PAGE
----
Unknown Speaker 1:53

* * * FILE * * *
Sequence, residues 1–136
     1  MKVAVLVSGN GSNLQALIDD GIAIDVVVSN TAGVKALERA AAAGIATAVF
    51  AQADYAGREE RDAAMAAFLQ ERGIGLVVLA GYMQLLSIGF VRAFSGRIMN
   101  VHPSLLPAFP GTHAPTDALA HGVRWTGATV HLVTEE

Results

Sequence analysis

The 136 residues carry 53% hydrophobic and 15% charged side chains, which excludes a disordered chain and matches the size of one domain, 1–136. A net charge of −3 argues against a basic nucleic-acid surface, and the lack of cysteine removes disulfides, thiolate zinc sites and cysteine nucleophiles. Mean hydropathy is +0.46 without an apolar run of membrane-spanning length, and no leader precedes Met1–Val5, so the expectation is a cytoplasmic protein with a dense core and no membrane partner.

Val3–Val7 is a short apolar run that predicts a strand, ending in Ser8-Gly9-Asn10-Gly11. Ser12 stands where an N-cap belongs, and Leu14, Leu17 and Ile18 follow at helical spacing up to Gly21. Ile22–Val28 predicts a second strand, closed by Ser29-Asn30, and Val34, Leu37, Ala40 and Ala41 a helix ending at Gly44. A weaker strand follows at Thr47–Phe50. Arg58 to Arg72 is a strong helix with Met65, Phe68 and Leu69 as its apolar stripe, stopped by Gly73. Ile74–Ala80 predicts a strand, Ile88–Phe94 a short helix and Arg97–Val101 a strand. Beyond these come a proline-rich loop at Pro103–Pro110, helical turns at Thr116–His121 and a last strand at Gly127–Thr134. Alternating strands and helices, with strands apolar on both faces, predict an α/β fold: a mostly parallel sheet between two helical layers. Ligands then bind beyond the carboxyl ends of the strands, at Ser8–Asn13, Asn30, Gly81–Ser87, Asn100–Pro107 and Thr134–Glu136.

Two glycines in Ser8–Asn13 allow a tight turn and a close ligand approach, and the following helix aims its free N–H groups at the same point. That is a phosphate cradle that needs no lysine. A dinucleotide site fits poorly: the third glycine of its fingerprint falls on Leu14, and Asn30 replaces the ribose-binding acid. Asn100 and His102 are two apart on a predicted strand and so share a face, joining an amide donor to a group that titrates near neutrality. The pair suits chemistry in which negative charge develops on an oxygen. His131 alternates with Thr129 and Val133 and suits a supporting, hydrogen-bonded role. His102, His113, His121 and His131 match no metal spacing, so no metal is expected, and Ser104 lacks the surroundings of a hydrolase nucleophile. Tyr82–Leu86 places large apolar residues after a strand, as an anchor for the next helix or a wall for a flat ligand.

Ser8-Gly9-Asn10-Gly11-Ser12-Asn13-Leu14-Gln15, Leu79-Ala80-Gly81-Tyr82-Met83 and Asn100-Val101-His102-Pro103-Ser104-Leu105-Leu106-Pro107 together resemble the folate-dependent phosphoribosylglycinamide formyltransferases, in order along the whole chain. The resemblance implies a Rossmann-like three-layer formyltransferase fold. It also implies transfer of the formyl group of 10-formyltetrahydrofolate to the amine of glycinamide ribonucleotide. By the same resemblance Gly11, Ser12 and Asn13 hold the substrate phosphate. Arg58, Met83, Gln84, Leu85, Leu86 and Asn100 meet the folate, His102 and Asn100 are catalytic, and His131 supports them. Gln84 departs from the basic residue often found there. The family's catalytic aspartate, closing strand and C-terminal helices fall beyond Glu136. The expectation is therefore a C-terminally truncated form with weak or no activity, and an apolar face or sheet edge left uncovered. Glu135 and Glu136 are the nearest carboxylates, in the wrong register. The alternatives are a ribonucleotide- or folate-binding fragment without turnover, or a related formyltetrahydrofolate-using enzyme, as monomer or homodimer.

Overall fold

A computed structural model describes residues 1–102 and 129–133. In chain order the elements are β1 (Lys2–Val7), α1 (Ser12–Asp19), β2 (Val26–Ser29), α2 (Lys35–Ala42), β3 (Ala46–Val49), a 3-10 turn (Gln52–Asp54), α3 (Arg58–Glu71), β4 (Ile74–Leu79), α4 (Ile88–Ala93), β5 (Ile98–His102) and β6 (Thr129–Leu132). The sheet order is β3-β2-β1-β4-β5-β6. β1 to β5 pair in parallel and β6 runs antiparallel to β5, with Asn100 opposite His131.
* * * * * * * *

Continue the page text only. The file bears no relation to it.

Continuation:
So before my first business, my first I guess I can start kind of back and I'll start back when I'm 16 because the story is very congruent. When I was 16 my first like real like, guess like the big boy job I guess more than what like I did pizzas and like worked as a client cook before that. And then I went into the car business actually no my first like job that I felt like I actually had a real job was actually being a lot of 10 and washing cars when I was 16 years old. And the story goes where it's basically like this. I was washing cars through summer in school time and eventually was going off to college. And when I went off to college, I was coming back for like winter breaks and summer breaks and coming back to wash cars for the summer because that's kind of what I knew and felt like that was a great way and it paid a pretty good Penny I guess. I look back at my life was $8 an hour but that was a good Penny back then when when I was thinking about it too as well. Right? So I was getting $8 an hour and I was working there and I came back one summer I remember distinctly was my after my sophomore year of school I came back to school and I walked into the door and and they were like Hey, welcome back. You know from somewhere and baba baba in. They gave me the hard news. They said hey, We don't really need any lot of tenants right now. We're actually overbooked and everything. And I was like, all right, well, I'll just go next door. So you also I was into this, like auto Park area, there was like 20 dealerships there. So I was like, I'll just go next door. And I was as I was walking out one of the sales guys, one of the senior sales guys just kind of seen me there for last three years, grabbing a parking lot and was like, hey, Jimmy, he's like, what are you doing? He's like, I was like, I was like, I'm gonna go see if the next door neighbour is over. The Subaru dealerships has an opening for washing cars. And he's like, Well, you know, you've been washing cars. He knows the product quite well. He's like, why don't you come inside this summer? It's hot outside. Why don't you come and just sell cars? I'm sure they'll give you a shot, right? And I was like, Yeah, sounds like a thing. So turn back around, walk back in and said, Hey, can I sell cars this summer? And they're like, yeah, I can't see why not right. And that's kind of how it all kind of started for me. And that's where I got into it. And what happened there was kind of incredible being green eyed, bushy tailed. I didn't know anything about sales. All I knew is I needed to talk to everybody. So I literally talked to everybody didn't matter. There's a 16 year old kid look in the Mustang or the nine year old man, look in the Mustang. Tear. I just talked to everybody that subsequently realised the first learning of sales that I learned, which was relationship. And I was able to form these great relationships with people. And all of a sudden Next thing I know, I had started to build this giant client base. Within the first 30 days of being in sales, I actually ended up being a salesman of the month, the first month in selling about 32 cars, and they just, you know, all Beginner's luck, you know, blah, blah, blah. So that only fired me and fueled me up as a person because I'm a competitive person. And I decided that I'm gonna have to back that up. So I did it. The second month, I did a third month. And then also ultimately came into that hard talk that I have my parents. So here I am making 1415 grand a month at the age of I think I was 19 and a half years old right now, coming back from my sophomore year of college and I went to him and said, I want to take some time off. I said, let me take six months off and sell cars. Let me make money. Let me pay off my student loans. Let me get my feet establish, build a savings and I'll go back and get into school. Well, I did really well. My first year I paid off all my student loans and I went back at the end of the year and I actually said you know what? I know I'm enrolled in school to go back to school but I don't want to go back. I want to continue selling cars and make money. Now, I'm from an Asian family, anyone listening to this, if you've got any Asian background, you know how bad that conversation really what I'm giving you the PG or the G version of that conversation, it was a very much more difficult conversation. Now, I grew up very as an independent person. So that was also the time that I decided that I'm going to completely move out of my house to as well which ultimately killed my mother and like, really hated that. But you know, I knew that that was my next step. And that was my personal journey. Now what happened there from there as I was really ambitious in car sales, and I was able to kind of drive my way up the ladder. I remember I jumped into a when I was 21. I actually went up and marched up and the funny story is like this is and it's kind of a funny story, but I went up to my direct manager like I'm supposed to, and I said, Hey, I want to keep learning. I'm really doing great in sales, but I want to learn the next step. They're like, well, what's the next step? I said? It's finance right? So I said, I want to learn finance. I want to learn how to sell intangible products to people. So I'm interest rates converted on insurances. I thought that was really cool. Well, the story goes, I told my manager He goes up to a couple days later goes up to the top, which we had multiple stores. He went to the top main store. And he comes back and he says, the general manager, his name was Gary back then. And he was like Gary told me that I don't have any positions open, and we'd rather keep you in sales. Well, me being young and hot headed and a little bit stupid. I actually marched up there angry because I'm like, I've been producing so much money for this company, like I should get a chance. And I run up there and I come confront Gary. Well, the turns out, my manager never talked to Gary, which was always like the big problem there. And that put me in a state of embarrassment. And ultimately, I walked out at that point, because I was so angry and hothead, and I would never do that now today. But back then I was I was emotional about it. I walked out and decided I don't want to be a part of this company, because they're lying to. Well, it wasn't even 1520 days I was kind of partying and enjoying life. I'd made all this money. I'd been working so hard. I didn't even get to spend it yet. And all of a sudden, I get a call from the owner of the company, and they're like, Jimmy, where'd you go? What's going on? And I told him the story. Next thing I know they're bringing me back into work in a different department to sell cars for three more months. wander here. And I'll send you the Kansas to learn school. So Kansas in Overland Park is actually where a lot of these insurance companies are and where they'll teach you a lot of education. So I didn't find a flying to Kansas for two, three weeks of learning, getting my word tracks and continuing to go man and I came back into finance. And so that was kind of how I ended up in finance. And I was doing that for couple years. And then you know, what would happen in finances, you become the secondary manager to the general manager, the sales manager. And anytime he was off, or he was on vacation, I was in charge of the store or I was in charge of that location. And it taught me a lot and also ultimate love the fact that like, I really enjoyed managing people and helping them get deals over the edge. And though I did it naturally in finance, it just kind of got me excited. So I started doing a little bit more sales manager stuff. And then I started getting poached. And what happened was at the end, I got headhunted by another local company. And they came to me and said, Hey, Jimmy, I want you to come one of these stores and hopefully become three stores. Eventually, I want you to come and sit as the general manager and kind of oversee the operations and the sales and all that stuff. So that was really fun. I jumped over to that. opportunity when I was about 25 years old, so I became a general manager at 25. I ran a store by myself, it was really fun eventually running to other stores with it. They were Saturn stores, which was really great. And then ultimately, in 2008, when General Motors went bankrupt, well, I kind of lost Saturn. And then I had the opportunity to reopen those stores again as key stores. And I didn't really feel like I wanted to be in that space. At that time, I was getting really interested in digital marketing and online stuff. And I've always had been entrepreneurial, even when I look back in college and when I was younger, before I even had my first job, I was always finding ways to make money. I was the guy who shovel the snow. The guy who had the lawn mowing services kids, the guy who sold lemonade. I mean, I did a little everything in college. During my school year I even invented a little product for cars that I thought would be a really cool way to fund my own car project. So I invented something that was a needed necessity in the in the marketplace, sold that to fuel my hobby, and that's how I actually souped up my car when I was young. And of course it was dumb back then, but it was what made me happy back then. Right. So At that time when the car dealership thing was blowing up actually knew a guy named onic, onyx and golf, and he was my friend, he's my neighbour, we're friends. We went to Vegas, we party, but we really didn't know I didn't had no idea what he was doing online. And at the time, he had a lot of issues in his business. He was running an 80 person business, you know, huge operations, big office in Maryland and big office in India. And ultimately, I found out that due to his lack of operational skill that he just had a lot of things happening inside the business. And I said, I remember having this talk, we're actually he had just come back from India. He was a little upset about things he came over. He had bought me a hookah so this was back when he was born even thing back in like 2008. And he brought me a hookah from India and was like, dude, I got this hookah thing. Let's smoke it, and let's hang out. So I didn't want it. I didn't even know what it was. So I was like, we need to go to my garage and smoke in my garage because I don't want my house to smell, you know, all that good stuff. And we ended up sitting there puffing in our garage, just talking about life. And I was like, Man, I'm burnt out. I'm tired. I want to do something different. Here's my skill set. What do you think I could do? And he's like, Hey, why don't you just come work for me? And I was like, Yeah, okay. And I said, and we made this agreement of front, I said, I'm going to work for you as long as I need to, to a, get you organised, speak, get you out of debt in your company and see that I feel like I've learned it. And then I'm going to go off and do my own thing. So we had that agreement up front, which is really important. And so that's what we did. So for the next three years, he taught me everything about digital marketing, from copywriting, to marketing, to even understanding a little bit more on the sales side of things to me helping him with the operational side, and so forth. And after three years, I exited that company and moved on from there. And that led me ultimately to my first company. So my first company was kind of like a content creator slash software company was a little bit mix of both because we're out so heavily involved in both sides. I learned early on that I love to automate things like I love to take something I'm doing manually and automate it. And that was my way of creating solutions of software. So instead of going out there and just creating something out of some idea, I literally took processes that I'm doing in my business automate, that I felt like other entrepreneurs like myself could actually relate to and that's kind of what we did with that company for years. During that time, I actually ended up investing into an e commerce store, retail store in Las Vegas through a loan that I gave them initially, that became me becoming a managing partner of the company. And that was also my other fun thing, which actually ultimately led me to move out west from Maryland. So that's how I ended up moving out west from Maryland to Las Vegas initially, because I had an opportunity because I had invested big money into a company so that we can grow that company. And so at the same time, and it was also really interesting to me to kind of jump into another sector of my life. And though I understood digital and content, I wanted to get back into a little bit more that sales type environment. And so that's where it came to. And then during all that time, what was really fun was when the e commerce store was starting to kick off my content creator world software company was kicking off, we discovered a big problem with email. Basically, the companies that were using the legacy company isn't that I don't need to name names on the show. But basically, you guys know the companies that have been around for years, and they really didn't understand digital marketing. They actually didn't understand e commerce that well, they didn't understand the idea of selling online. Their idea of email marketing was you have a brand a brick and mortar, you sell to those people, you create the list and you connect with those people where I was sitting there going, Hey, we have a completely digital front and don't have the typical customer access or POS systems in place. So no one could really truly understood that. And we said, You know what, let's go ahead and developer at this point, I was deep in software partners were deep into software. And we're like, let's just create our own or automate it. So that's what we did. So initially, what was really fun about this whole story is that now I'm running three different things. I'm running send lane, I'm running my content, creative software company, and then I'm running my e commerce company. And, you know, they're all pretty successful doing things, obviously, not settling, but the other two, and we were kind of fueling the growth of this company, and settling came into picture because it actually didn't start assembling actually started as a product called target. Lee is what we actually initially called it, and then, you know, it's 2014 we started getting people like kinda like Unicode or like other people that are like in the space and market and kind of seeing what we're doing and started asking us like, Hey, what do you guys doing? What tool Are you guys using? Can you share with us how You're doing that. And it kind of turned the wheels and we're like, you know what, let's put it out a front facing website and see what happens. And we laugh at our front facing website. We're just analysing a couple weeks ago and we're laughing. Things were misspelt, there was still that Lori some text on there, there was so much stuff broken in there. But because of our networking connections, it allowed us to continue to bring people in and sales are actually remember our first sale to the day. So it was actually when we opened beta first. It was April 20, obviously, for 20 being like a funny number, but it was literally April 20, our first customer came into the door and paid us for it. And it was when we're in beta launch. And I remember that was our first into kind of validated like, hey, we've got something here. And that's kind of how it all started off now, and that was 2014 or 2015 I was 2014 Yeah. 2014 and then we opened publicly in 2015. So in 2014, we're just promoting it to our internal audience and in 2015 we started taking off in 2015 I realised I needed to fuel the company. So what I did was actually created a course for email marketers. content creator world, I feel that product was from another company and I said, you know what I'm going to teach them selling inside of there. And I'm gonna teach them why we're better. And basically, I was able to take 22,000 people over a six month period to buy this course on email, email marketing from me. And basically from there I was fueling send lane. That's the kind of how selling grew initially and grew into the world of being an email marketing company. So that's kind of how we see me.